Tuesday, June 15, 2010

My review of THE ANUBIS SLAYINGS on EuroCrime

After a bit of a hiatus in terms of book reviews for the excellent EuroCrine website (as I'd read a lot of non-European crine novels over the past few months), I'm finally 'back on the horse', with my review of PC Doherty's THE ANUBIS SLAYINGS, being published this week.

Paul (P C) Doherty is the author of several acclaimed historic mystery series, including the Sorrowful Mysteries of Brother Athelstan, the Hugh Corbett Medieval Mysteries, and the Canterbury Tales of Mystery and Murder. He has also written series set in the days of Ancient Rome and Alexander the Great. The history-loving headmaster has been prolific in his mystery writing (setting multiple series in many diverse moments and fascinating eras throughout history. Unlike many historical mystery authors, Doherty doesn't concentrate on one particular location and time period - instead researching and setting mystery tales in many. He has written more than 75 novels, under a variety of names.

With the Ancient Egypt Mysteries, Doherty takes murder mysteries even further into the past than his medieval tales. Now up to seven books (Doherty has also written another three separate novels set in Ancient Egypt), the Ancient Egypt mysteries centre on the various investigations of Lord Amerotke, wise and trusted judge and adviser to powerful female Pharoah Hatusu. I was introduced to Doherty's Ancient Egypt Mysteries while travelling through Egypt earlier this year; in fact, I picked up a copy of THE ANUBIS SLAYINGS, the third book in the series, while visiting Luxor (the modern-day site of historic Thebes - one of the locations in the series).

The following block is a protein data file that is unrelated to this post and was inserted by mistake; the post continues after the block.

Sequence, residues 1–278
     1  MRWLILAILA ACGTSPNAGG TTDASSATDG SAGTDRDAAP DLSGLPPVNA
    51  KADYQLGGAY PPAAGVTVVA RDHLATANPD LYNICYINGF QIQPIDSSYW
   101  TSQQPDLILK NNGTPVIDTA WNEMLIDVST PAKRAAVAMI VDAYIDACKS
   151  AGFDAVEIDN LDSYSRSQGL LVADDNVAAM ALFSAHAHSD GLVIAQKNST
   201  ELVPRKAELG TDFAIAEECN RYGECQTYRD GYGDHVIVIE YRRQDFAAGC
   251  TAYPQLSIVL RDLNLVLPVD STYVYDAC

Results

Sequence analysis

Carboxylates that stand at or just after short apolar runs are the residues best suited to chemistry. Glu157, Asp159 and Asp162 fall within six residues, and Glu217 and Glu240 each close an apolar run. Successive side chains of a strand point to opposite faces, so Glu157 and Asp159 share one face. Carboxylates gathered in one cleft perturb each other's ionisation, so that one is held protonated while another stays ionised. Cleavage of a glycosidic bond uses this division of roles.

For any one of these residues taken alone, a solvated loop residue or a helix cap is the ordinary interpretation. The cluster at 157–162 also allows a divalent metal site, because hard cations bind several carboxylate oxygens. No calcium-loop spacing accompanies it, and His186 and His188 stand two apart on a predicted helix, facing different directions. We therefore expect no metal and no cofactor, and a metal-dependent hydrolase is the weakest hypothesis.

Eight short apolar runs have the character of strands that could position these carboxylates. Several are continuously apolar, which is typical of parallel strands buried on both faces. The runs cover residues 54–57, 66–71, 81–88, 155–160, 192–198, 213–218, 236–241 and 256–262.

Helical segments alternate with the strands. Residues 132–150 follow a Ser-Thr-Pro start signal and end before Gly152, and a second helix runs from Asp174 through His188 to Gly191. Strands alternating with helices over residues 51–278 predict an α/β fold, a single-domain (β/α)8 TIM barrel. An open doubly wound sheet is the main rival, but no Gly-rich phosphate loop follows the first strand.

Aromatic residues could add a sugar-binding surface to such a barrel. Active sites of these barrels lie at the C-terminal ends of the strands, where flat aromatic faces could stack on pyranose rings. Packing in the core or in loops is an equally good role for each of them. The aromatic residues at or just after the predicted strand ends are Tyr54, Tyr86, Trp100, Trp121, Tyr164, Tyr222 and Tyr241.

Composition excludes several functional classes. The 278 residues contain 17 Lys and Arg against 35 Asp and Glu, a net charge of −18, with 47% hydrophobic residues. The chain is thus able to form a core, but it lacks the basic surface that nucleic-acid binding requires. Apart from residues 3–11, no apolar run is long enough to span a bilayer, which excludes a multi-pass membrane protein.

Read my full review on EuroCrime HERE.


  1. Craig - Thanks, as always, for your review. I confess I haven't read this one, but I have read some Doherty, and enjoyed what I have read. I'm going to have to put this one on my TBR list.

  2. Craig,
    Thanks for the review.

    I've seen Doherty's books around, but I've never read one. I enjoy historical mysteries, so I'll take a look at one.

  3. I very much enjoyed THE ANUBIS SLAYINGS - so, so, so much better than Christian Jacq's mystery novels similarly set in Ancient Egypt (I put down THE TREE OF LIFE about 50 pages in, and haven't got back to it yet, months later). Will definitely be trying to get my hands on more of these - and would be keen to try his other series too... certainly a prolific author.